The players are accustomed to raised eyebrows, having experienced a bit of skepticism when mulling the prospect of paying as much as $68 to join. But they did. "It's not like there's no skill involved," said Steve Page, 28, of the Rookies.
In Page's case, the game has had certain tangible perks. With help from a teammate, he landed a job as a project analyst for a financial company. Jason Knight, 32, a Fairfax multimedia developer, met his fiancee, Jennifer Gruda, while playing kickball. Their fondness for the game inspired Knight to suggest that they begin their wedding ceremony by rolling a ball down the aisle.
Her response: "Uh, no."
Liz Roberto, 25, sees a larger purpose to kickball, one that she said contradicts a book she read as a graduate student, "Bowling Alone," by Harvard professor Robert Putnam. The author argued that the disappearance of bowling leagues is symptomatic of a culture that has grown less communal.
The book says "there are no social networks anywhere, but this proves that it still exists," said Roberto, who plays for the Rookies when she's not a research analyst for the U.S. Department of Transportation.
"We're building social capital," she shrugged before bursting into laughter. "Is that going to make me sound like a nerd?"
Reached at his office last week, Putnam acknowledged that maybe kickball is a sign of people forging ties, though he wasn't all that confident that it would ever match bowling in its national hold. "I don't want to sound like a grouch," the professor said. "I would cheer if kickball sweeps the country."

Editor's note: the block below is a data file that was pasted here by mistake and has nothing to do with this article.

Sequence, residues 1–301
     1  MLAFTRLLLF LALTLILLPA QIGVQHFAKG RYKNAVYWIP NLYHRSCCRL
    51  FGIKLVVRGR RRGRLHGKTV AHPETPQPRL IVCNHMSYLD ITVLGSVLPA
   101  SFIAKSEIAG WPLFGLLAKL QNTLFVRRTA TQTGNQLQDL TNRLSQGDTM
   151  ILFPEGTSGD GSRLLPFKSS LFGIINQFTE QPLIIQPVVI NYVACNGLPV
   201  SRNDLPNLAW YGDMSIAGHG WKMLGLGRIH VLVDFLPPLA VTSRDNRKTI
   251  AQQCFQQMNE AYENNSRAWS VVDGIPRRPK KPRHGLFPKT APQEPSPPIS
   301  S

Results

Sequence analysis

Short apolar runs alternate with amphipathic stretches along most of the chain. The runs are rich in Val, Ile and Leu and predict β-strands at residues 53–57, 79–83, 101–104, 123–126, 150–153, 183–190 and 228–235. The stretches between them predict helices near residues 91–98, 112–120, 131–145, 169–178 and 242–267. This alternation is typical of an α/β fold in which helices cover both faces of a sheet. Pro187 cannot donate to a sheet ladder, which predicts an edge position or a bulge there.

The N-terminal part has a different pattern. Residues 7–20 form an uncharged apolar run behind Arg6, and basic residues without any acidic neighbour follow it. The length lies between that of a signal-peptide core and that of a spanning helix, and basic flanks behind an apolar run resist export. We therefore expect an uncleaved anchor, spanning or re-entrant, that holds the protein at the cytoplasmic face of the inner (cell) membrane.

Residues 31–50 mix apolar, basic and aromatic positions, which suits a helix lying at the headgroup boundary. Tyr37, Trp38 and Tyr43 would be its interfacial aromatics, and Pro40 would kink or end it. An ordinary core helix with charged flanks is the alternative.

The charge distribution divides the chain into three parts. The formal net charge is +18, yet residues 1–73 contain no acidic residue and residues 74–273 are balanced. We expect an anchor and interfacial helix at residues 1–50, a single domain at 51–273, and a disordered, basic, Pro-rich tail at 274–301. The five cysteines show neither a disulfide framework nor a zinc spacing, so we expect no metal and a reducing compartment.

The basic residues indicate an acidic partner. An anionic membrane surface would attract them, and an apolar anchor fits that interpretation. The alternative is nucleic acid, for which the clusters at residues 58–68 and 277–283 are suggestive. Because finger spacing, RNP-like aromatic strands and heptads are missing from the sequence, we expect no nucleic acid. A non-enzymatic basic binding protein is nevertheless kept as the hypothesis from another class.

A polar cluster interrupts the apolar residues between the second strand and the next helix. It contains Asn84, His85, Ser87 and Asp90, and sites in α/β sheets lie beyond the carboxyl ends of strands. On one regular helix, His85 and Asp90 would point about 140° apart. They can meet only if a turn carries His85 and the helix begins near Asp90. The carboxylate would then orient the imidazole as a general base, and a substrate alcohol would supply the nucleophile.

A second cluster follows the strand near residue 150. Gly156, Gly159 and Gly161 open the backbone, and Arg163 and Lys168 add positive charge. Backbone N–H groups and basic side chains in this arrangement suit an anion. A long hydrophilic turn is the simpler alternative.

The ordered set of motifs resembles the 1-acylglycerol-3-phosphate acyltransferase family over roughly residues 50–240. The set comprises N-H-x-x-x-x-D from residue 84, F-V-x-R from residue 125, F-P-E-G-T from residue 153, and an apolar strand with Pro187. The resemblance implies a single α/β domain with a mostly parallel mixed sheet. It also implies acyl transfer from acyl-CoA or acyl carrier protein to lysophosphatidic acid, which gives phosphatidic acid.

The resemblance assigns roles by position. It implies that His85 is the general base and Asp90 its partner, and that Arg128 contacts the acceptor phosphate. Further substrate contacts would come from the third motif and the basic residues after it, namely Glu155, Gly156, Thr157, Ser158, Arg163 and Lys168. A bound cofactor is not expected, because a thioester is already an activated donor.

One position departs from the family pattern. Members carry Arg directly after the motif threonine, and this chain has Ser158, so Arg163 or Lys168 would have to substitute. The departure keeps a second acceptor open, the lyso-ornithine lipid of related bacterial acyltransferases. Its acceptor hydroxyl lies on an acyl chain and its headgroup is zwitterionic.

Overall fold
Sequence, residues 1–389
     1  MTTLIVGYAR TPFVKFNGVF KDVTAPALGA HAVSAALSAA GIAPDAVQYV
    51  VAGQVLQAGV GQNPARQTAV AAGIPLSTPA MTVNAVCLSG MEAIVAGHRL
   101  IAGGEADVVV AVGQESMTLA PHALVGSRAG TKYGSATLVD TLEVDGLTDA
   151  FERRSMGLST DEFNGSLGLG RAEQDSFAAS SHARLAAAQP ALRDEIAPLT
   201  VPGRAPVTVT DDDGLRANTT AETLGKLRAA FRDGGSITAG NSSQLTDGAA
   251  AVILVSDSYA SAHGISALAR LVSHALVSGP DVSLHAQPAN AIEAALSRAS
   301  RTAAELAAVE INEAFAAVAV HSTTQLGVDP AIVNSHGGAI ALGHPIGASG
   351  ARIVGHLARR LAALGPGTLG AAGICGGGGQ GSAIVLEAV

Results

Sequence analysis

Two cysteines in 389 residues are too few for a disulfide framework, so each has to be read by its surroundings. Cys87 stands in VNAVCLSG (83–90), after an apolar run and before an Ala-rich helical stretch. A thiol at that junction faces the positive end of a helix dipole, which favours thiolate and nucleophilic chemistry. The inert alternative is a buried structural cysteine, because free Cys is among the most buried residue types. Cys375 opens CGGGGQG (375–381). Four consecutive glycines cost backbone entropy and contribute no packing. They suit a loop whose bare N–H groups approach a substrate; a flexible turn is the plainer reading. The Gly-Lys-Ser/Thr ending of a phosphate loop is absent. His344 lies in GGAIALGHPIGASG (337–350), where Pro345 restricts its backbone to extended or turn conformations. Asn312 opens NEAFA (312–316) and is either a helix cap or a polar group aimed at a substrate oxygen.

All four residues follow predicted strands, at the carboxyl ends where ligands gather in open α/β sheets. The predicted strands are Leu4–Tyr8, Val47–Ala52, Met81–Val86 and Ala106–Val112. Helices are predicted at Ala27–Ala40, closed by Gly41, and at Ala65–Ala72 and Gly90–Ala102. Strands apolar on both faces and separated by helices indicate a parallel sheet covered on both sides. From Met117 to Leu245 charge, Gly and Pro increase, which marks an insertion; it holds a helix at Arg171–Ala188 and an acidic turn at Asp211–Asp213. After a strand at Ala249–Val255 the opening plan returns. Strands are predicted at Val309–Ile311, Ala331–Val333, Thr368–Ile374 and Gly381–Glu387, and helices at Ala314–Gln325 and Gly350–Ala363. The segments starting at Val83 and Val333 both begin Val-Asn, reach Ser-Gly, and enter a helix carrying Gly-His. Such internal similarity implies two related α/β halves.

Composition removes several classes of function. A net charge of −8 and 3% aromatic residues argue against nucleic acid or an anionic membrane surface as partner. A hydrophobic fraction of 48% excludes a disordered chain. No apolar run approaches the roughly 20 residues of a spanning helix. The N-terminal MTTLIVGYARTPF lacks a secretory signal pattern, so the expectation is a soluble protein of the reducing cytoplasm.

Socializing may be the goal of many players, but few can snuff an equally basic yearning to win. Arguments over rulings are so common that a referee recently wrote on a Web site: "Remember, you joined this league to have some fun."
The feuding, at times, gets a tad personal. Jack Burriesci, 29, a member of the Rookies and an analyst for the U.S. Government Accountability Office, is known to opponents as "Little Napoleon," not only because he's smaller than most players but because he brings a certain Lombardi-like intolerance for defeat. Burriesci responds: "You don't think they want to win?"
League founders did not fully anticipate such intensity. "We wanted to meet more girls; we wanted to have more parties," said David Lowry, 36, who quit his job as a director of the American Society for Public Administration to become the league's executive director.
They have also found themselves atop an enterprise that they say now totals 15,000 members. Three of the founders have quit their day jobs -- one worked at America Online -- and they have hired seven employees. By the end of the decade, they hope to have signed up 250,000 players. "I want to see it become the new American pastime," Lowry said.
For now, the players' focus is more immediate but no less grandiose, as they battle in kickball's version of the playoffs, which lead up to next month's President's Cup.
"I got the fever," shouted Greg Seitz of the Gym Class Allstars and the owner of a technology company, as he ran out onto the Ellipse, looking, for the moment, far younger than his 37 years.